What My Experience Says About Mental Health Emergency Professionals

Editor’s note: If you experience suicidal thoughts or have lost someone to suicide, the following post could be potentially triggering. You can contact the Crisis Text Line by texting “START” to 741-741.

I’m here to talk about the mistreatment I have received (and I am sure so many others have as well) from medical professionals when experiencing a mental health crisis. I believe that change is not only needed but completely necessary — especially at a time like this, a time where mental health crises are rising on the daily.

I am someone who struggles immensely with mental illness. I am someone who has survived many suicide attempts. I am someone who has needed medical attention during many of my mental health crises, and unfortunately, the treatment I have received has not been the best.

I remember one night very clearly. It was another one of my suicide attempts and I was sitting in the back of an ambulance, humiliated. The EMS worker bluntly said to me, “You know, you’re being selfish.” He continued by saying, “There are real sick people who need our help.”

I cannot even explain to you how his words made me feel. I felt invalidated and stupid. I felt my pain and my struggles caused by mental illness did not matter. In that moment, the only thing I wished for was that my suicide attempt had been completed. You see, what this EMS worker said to me only made me feel worse. He only intensified my already-strong self-hatred. People who struggle with mental illness and attempt suicide do not need to be made to feel worse about themselves. Trust me, the internal battle we face daily is way worse than anything you could possibly say to us.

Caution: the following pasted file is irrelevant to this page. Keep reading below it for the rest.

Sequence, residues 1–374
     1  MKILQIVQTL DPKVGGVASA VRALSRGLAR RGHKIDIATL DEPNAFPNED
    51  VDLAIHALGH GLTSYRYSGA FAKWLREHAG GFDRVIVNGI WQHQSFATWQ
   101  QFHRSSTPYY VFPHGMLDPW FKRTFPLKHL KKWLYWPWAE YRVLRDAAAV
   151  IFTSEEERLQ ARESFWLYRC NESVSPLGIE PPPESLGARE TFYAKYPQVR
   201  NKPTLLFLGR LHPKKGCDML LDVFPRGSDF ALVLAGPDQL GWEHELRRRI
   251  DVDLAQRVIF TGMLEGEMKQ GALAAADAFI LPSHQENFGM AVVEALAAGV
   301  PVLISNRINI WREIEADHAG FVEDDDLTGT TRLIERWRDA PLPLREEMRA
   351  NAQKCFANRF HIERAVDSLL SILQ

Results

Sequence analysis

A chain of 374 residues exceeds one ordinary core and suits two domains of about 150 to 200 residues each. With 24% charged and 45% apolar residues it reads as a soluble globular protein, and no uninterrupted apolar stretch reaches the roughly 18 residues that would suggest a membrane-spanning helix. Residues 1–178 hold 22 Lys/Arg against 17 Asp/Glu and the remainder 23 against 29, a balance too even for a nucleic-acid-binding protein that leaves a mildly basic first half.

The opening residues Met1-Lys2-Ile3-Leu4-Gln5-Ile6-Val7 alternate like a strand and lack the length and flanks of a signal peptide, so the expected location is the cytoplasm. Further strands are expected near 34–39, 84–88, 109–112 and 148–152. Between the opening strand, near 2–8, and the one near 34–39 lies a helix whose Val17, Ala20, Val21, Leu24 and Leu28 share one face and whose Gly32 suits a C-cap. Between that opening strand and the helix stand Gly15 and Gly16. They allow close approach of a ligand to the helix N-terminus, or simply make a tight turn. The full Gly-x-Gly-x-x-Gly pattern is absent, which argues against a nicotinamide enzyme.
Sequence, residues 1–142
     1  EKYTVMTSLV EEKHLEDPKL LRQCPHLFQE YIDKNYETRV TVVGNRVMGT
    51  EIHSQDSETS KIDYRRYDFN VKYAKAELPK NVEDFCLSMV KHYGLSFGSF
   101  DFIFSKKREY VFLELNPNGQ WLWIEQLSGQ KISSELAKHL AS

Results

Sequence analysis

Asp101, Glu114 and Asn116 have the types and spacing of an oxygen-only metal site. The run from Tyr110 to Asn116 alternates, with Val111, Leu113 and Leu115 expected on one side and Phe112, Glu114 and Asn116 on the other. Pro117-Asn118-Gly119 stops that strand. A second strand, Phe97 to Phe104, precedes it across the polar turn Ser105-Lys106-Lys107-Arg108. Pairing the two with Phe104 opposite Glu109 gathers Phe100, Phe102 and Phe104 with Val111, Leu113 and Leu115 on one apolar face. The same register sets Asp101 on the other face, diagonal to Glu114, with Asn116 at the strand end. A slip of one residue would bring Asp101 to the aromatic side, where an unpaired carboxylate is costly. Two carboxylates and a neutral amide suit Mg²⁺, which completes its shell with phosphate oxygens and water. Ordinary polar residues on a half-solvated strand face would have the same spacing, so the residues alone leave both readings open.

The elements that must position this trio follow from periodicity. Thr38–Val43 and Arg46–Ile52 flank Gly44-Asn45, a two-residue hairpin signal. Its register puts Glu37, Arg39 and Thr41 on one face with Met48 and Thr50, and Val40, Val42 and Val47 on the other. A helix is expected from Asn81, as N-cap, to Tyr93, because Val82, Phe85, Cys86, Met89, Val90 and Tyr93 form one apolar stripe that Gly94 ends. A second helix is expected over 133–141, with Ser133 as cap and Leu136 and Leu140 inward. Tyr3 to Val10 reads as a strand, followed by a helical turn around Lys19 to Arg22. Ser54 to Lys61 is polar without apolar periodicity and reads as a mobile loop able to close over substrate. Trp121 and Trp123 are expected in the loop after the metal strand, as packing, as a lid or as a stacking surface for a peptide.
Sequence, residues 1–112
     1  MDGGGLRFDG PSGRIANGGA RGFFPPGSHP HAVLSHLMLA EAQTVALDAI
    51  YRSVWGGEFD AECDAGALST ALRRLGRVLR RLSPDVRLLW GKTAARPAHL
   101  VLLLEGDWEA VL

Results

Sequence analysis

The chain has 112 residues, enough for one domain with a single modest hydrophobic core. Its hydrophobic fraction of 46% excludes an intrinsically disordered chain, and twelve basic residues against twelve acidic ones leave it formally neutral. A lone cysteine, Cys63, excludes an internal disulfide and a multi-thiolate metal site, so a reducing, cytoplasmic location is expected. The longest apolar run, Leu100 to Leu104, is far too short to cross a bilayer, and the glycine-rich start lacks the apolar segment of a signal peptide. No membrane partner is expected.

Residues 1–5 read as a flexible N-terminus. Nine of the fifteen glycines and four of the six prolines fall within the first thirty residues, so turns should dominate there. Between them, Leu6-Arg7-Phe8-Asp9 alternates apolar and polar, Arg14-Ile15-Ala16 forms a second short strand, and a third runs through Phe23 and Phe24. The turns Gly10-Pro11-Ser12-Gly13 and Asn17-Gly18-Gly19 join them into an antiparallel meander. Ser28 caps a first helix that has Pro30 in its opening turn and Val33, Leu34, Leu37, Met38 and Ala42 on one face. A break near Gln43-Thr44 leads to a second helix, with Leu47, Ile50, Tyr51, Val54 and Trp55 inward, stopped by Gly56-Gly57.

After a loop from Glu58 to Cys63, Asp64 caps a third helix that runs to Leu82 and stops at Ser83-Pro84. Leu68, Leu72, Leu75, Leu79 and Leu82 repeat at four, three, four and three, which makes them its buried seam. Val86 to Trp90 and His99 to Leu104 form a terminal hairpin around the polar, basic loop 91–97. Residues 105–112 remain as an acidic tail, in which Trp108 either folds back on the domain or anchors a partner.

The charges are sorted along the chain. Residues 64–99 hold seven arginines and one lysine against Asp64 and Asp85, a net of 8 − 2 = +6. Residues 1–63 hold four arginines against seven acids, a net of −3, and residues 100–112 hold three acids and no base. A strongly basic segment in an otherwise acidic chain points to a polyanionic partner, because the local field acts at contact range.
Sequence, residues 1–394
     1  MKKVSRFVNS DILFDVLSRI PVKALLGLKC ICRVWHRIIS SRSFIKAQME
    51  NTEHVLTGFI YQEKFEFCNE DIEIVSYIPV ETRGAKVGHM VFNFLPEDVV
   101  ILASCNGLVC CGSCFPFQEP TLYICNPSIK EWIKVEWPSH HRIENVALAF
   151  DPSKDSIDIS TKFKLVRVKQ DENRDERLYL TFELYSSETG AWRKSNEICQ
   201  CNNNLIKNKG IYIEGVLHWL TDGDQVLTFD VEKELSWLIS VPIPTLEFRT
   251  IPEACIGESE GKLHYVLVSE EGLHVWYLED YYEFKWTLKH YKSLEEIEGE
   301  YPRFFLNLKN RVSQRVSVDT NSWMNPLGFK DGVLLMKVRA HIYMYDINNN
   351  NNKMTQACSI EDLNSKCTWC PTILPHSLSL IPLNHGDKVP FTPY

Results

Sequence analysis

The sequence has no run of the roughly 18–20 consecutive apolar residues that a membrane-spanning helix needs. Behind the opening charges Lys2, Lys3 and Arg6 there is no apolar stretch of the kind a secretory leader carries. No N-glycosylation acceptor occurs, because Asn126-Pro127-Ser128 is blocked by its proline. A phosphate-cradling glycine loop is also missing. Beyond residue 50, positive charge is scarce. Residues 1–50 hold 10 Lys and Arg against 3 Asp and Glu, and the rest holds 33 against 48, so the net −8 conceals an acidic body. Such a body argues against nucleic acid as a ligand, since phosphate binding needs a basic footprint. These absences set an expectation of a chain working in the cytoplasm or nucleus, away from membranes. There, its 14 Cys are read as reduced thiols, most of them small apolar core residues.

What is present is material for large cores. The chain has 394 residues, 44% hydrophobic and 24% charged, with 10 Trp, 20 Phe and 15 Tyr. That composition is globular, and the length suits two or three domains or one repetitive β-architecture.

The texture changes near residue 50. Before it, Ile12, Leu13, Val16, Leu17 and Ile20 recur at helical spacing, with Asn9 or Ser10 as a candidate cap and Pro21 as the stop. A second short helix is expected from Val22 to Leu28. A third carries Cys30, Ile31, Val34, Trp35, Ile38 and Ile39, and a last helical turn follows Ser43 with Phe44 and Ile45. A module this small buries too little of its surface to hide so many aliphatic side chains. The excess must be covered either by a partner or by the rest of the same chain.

That same EMS worker even suggested a different suicide method to me that would have resulted in a completion. I was dumbfounded and absolutely shocked. Have we really failed this much when teaching our first responders how to treat and respond to those living with mental illness?

Have we really taught our first responders and medical professionals how to properly treat people with mental illnesses at all? We are told to go to the emergency room if we are experiencing suicidal thoughts —but is the ER really a safe, welcoming place for someone who is mentally ill? From my experience, the answer is no. I should not have to sit alone in a cold, white ER room, feeling embarrassed and small — but that is exactly how I have felt on every occasion I was brought into the ER.

Nurses and doctors entered the room with a sigh. A sigh that informed me that I was a burden — a waste of their time and not truly someone who needed medical attention. When are we going to start treating mental illnesses for what they are — an illness?

How many lives can we save or could we have saved by offering more welcoming environments and personnel for those of us contemplating suicide?

I think the answer is staggering. Do you want to know how many times I decided not to seek help in my moments of crisis because I was afraid of judgment and ridicule?

Too many. Too many times.

Change starts now.

If you or someone you know needs help, visit our suicide prevention resources page.

If you need support right now, call the National Suicide Prevention Lifeline at 1-800-273-8255, the Trevor Project at 1-866-488-7386 or reach the Crisis Text Line by texting “START” to 741-741.

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